The apparent advantage of a negative identity
Many people struggle not to identify with a troubling experience. This is because it can provide benefits. Or so it seems. Believing that we are a “victim” or “failure” may attract certain reactions and behaviours of others into our life that we even appreciate and value. For example, if a person believes they are a victim, people may feel bad for them and treat them with more care, consideration or more compassion than they would otherwise. This reaction, of course, is vital at first to a person who has suffered in some way. When someone goes through a tough or traumatic time in their life, human compassion, respect and understanding are undoubtedly essential and there are not nearly enough displays of these behaviours in our world. However, once enough time has passed (and this period varies from person to person), the person who has suffered must eventually process their experience, re-evaluate themselves and decide who they really want to be from then on. If they continue for an extended period of time to label themselves as a sufferer or victim of an experience, they will continue to be treated as a sufferer or victim and even attract these kinds of experiences. Over time, this is incredibly disempowering. In addition, though they may receive love and compassion for their strife initially, it can become damaging as it turns to pity. If the person is treated with pity or viewed as a victim, they will be rendered weak and powerless simply because they see their experience as who they are. If we see a negative experience as something we are and not something we have, we are in trouble in the long term.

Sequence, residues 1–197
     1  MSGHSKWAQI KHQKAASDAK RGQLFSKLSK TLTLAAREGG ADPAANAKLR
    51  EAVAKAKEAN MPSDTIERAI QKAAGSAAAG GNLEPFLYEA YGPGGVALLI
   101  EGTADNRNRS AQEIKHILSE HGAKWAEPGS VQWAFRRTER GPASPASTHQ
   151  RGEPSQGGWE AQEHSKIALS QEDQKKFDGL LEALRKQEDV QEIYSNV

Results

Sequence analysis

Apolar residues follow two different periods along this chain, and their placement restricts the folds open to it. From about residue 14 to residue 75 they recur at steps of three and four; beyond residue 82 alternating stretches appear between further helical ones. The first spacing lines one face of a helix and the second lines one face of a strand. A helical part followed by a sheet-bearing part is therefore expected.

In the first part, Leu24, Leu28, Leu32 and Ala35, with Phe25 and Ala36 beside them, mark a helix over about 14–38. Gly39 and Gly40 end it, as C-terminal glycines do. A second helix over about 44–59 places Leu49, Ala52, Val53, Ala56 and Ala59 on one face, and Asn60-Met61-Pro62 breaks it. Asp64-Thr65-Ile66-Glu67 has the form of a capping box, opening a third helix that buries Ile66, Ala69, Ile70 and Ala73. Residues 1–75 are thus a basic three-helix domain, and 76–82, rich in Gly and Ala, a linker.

Seeing an experience as something we have is another route; the choice of separating from experience.
Separating from a negative experience
Choosing to separate from a negative experience differs from forming a negative identity in the way that an experience is not believed to represent our permanent self.
This does not mean we take our past experiences lightly and it certainly does not mean we do not acknowledge our experiences. It means that a choice can be made (once the past is processed and acknowledged) to not make the past a part of who we are today.
Separating from a negative experience is mostly done through internal work. It is a realization that the experience does not have to define the self.
If a person continuously identifies with the label “depressive” or “depression” or even worse, says things such as“my depression is so bad”(owning depression as part of who they are), this colours their thoughts, beliefs, actions and their experience of the world.
However, if they stated instead “I experienced depression last year” or “I am having an experience of depression” or even better “I had/have depression but I know it is not who I really am”, it allows them to see the separation of self and experience. They understand that depression or suffering or failing is not who they actually are, as a self, as an identity, as a human being. When this separation and distinction occurs in someone, they can acknowledge their experience, yet they understand that is doesn’t have to hold them back and stunt their potential to lead a fulfilling life.
At any point in our lives, we can choose who we want to be. We can choose to form an empowering identity by drawing from positive and negative experiences, or we can simply choose to separate from a negative experience. The way we interpret ourselves and our lives is our choice to make.
- Do I believe that I can choose my identity?
- If I could choose my identity, what qualities or attributes would I choose for myself?
- What experiences, positive or negative, have I had that shape who I am today?
- Do I use any negative experiences as a way of avoiding responsibility for my own life?
- Do I label myself according to any negative experiences I had in the past? If so, how is this affecting me today?
- How can I label myself in a positive way, drawing from my specific past experiences (positive or negative)?